Queen Thought Diana Was a 'Misfit' but Now Sees She 'Radiates Out of William and Harry'12-03-2016
She was a "pretty misfit" who rebelled against the role of princess, but Diana brought the public closer to the palace, and the Queen is finally ready to thank her for it.
As the longest reigning monarch approaches her 90th birthday, close friends say she has laid their private struggles to rest and can reflect on the good the princess did for the Royal family.
It has been claimed the sovereign has realised the impact Diana had on the young princes and through her work against Aids.
A friend of the Queen said: "She felt the pretty girl was a misfit who didn't quite contribute to the things they did and what they wanted her to do in the family.
"There was no real compatibility. Initially, she was sympathetic, but later on, I don't think she felt sorry for her, not really.
"She would never say now that Diana hasn't contributed to the family.
"She sees how much Diana radiates out of William and Harry and the effect they have on ordinary people.
"It is Diana that they see. That sense of fun, that easy way with people."
The Princess captured the hearts of the nation as she knelt down to cuddle orphans and embraced Aids victims all over the world.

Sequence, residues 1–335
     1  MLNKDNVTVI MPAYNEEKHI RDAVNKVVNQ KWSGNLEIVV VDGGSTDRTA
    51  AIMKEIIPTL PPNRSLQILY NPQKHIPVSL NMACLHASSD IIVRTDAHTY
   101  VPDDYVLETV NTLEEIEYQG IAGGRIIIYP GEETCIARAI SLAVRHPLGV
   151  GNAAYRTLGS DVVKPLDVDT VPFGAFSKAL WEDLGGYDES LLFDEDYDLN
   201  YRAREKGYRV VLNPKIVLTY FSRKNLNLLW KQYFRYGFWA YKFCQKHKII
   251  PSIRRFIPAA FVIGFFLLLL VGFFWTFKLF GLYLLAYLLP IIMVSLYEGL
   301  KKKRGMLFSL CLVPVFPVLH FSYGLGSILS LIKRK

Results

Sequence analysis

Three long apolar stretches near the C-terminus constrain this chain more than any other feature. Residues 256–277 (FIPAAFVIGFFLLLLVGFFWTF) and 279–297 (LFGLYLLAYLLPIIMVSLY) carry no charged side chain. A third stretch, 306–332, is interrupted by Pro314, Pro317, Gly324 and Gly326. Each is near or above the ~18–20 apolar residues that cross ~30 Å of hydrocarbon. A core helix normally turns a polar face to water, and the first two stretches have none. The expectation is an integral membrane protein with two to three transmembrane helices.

Despite being dubbed a 'misfit' in the Royal inner circle, Diana closed the gap between Britons and Buckingham Palace with her world famous work on Aids and her willingness to help those in need.
To the Queen's credit, she has privately conceded Diana was right and the huge strides in Aids research, which have led to drugs that enable its victims to live relatively normal lives, owe much to the Princess drawing attention to the syndrome and breaking down prejudices.
When Charles was bringing the 19-year-old Lady Spencer into the Royal Family in 1980 the Queen was impressed by the match.
Diana was not keen to learn the ways of a princess though, despite people being brought in to help.
Lady Pamela Hicks, daughter of Earl Mountbatten and one of the Queen's bridesmaids in 1947 said Sue (Lady Susan) Hussey, the Queen's favourite lady in waiting, was bought in to help Diana.
But she did not want to be taught, Lady Pamella recalled.
In the revelations revealed in the Daily Mail, Lady Pamelia said: "Instead, she wanted to listen to her music and go disco-ing or to some jive concert. She didn't try.
"She had no need to try because she saw the people admired her. She reckoned she was the star."
And Diana's approach to the staff at the palaces seemed to rile her Royal relatives. Former Buckingham Palace chef Darren McGrady, 52 said: "Princess Diana liked to get away from the family and chat with us about the theatre, and so on."
Diana captured the attention of the media and was pictured almost everywhere she went, but the Queen is said to have accused the princess of courting the cameras.
One friend said the Queen thought it "beyond the pale" with the monarch announcing "I suppose I had better get out of the way" once when the cameras begin clicking at Windsor's Smith's Lawn.